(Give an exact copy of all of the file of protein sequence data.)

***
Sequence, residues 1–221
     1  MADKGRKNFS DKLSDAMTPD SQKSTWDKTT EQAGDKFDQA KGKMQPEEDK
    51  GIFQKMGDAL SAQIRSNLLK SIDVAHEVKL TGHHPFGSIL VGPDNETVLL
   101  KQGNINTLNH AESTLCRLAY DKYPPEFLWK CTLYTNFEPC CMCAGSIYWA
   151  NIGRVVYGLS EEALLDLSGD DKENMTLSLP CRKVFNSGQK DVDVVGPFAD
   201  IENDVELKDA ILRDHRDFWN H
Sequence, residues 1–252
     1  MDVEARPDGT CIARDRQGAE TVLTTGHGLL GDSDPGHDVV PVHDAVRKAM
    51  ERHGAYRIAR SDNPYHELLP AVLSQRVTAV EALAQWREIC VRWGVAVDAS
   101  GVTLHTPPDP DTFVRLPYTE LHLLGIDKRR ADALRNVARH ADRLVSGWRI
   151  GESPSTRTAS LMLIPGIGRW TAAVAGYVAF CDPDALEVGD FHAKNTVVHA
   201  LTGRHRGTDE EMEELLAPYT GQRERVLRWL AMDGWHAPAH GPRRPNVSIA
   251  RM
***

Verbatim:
Sequence, residues 1–221
     1  MADKGRKNFS DKLSDAMTPD SQKSTWDKTT EQAGDKFDQA KGKMQPEEDK
    51  GIFQKMGDAL SAQIRSNLLK SIDVAHEVKL TGHHPFGSIL VGPDNETVLL
   101  KQGNINTLNH AESTLCRLAY DKYPPEFLWK CTLYTNFEPC CMCAGSIYWA
   151  NIGRVVYGLS EEALLDLSGD DKENMTLSLP CRKVFNSGQK DVDVVGPFAD
   201  IENDVELKDA ILRDHRDFWN H
Sequence, residues 1–252
     1  MDVEARPDGT CIARDRQGAE TVLTTGHGLL GDSDPGHDVV PVHDAVRKAM
    51  ERHGAYRIAR SDNPYHELLP AVLSQRVTAV EALAQWREIC VRWGVAVDAS
   101  GVTLHTPPDP DTFVRLPYTE LHLLGIDKRR ADALRNVARH ADRLVSGWRI
   151  GESPSTRTAS LMLIPGIGRW TAAVAGYVAF CDPDALEVGD FHAKNTVVHA
   201  LTGRHRGTDE EMEELLAPYT GQRERVLRWL AMDGWHAPAH GPRRPNVSIA
   251  RM